Congo’s government breached its own regulations and the terms of an agreement with the World Bank by failing to disclose the sale of state shares in a joint mining venture, the International Monetary Fund (IMF) said on Friday.
Swiss trading house Glencore said this week its Congo joint venture with Israeli billionaire Dan Gertler’s Fleurette Group, Mutanda Mining, had bought a new concession in February to expand its copper and cobalt mining in the area.
Congo’s prime minister passed a decree in 2011 requiring the public announcement of mining deals involving the state as part of efforts to improve transparency in Africa’s top copper producer.
However, a year later the IMF halted $240 million in loans after the government failed to provide sufficient details on the sale of mining assets by Gecamines to a British Virgin Islands-based company. The IMF does not currently have a lending programme in place.
Officials from Gecamines and the mines ministry were not immediately available for comment on Friday. A Congo mines ministry official said on Wednesday it only learned of the deal last week and had requested more details from Gecamines.
Dino Steel and Glencore declined to comment. Fleurette could not immediately be reached for comment.
“This sale of asset by the state-owned enterprise, Gecamines, as confirmed by the company acquiring the asset, was not posted within 60 days of its signing on the website of the Ministry of Mines nor gazette,” the IMF’s resident representative in Congo, Oscar Melhado, wrote in an email to Reuters, referring to the government’s obligation to publish details of the sale.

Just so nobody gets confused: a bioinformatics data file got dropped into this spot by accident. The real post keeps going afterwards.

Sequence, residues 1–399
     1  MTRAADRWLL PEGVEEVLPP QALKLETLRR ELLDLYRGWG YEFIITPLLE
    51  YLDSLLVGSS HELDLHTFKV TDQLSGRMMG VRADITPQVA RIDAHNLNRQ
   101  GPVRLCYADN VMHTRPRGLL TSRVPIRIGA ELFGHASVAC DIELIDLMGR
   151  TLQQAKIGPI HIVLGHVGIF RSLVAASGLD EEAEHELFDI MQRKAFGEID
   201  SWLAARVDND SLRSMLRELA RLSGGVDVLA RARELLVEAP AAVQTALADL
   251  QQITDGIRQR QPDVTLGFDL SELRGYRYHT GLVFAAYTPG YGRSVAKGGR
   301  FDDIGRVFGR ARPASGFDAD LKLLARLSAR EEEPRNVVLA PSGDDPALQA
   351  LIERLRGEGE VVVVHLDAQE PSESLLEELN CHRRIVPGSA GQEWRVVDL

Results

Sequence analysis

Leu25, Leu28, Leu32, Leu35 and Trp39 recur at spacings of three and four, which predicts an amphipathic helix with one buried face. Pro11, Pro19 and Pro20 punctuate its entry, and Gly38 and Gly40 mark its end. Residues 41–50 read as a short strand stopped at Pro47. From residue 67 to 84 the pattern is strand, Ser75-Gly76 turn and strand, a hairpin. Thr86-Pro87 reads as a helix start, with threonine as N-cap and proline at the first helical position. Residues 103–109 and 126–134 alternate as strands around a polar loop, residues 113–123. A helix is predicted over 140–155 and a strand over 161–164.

“It does not also comply with some criteria of the governance matrix agreed between the government with the World Bank related to posting contracts and competitive bidding for divestment of government assets,” he added, providing no specifics.
The governance matrix requires “open, transparent and competitive procedures” for the sale of mining stakes and that sales be published by the government within 60 days.
A World Bank representative was not immediately available for comment.
A source close to the deal said Dino Steel received $20 million and Gecamines $10 million for the concession.
In a statement on Friday, U.S. democracy watchdog the Carter Center called on the Congolese government to publish the terms of the Mutanda deal.
It said the Kawama concession is potentially very valuable, having previously attracted thousands of artisanal miners seeking high-grade ore near the surface.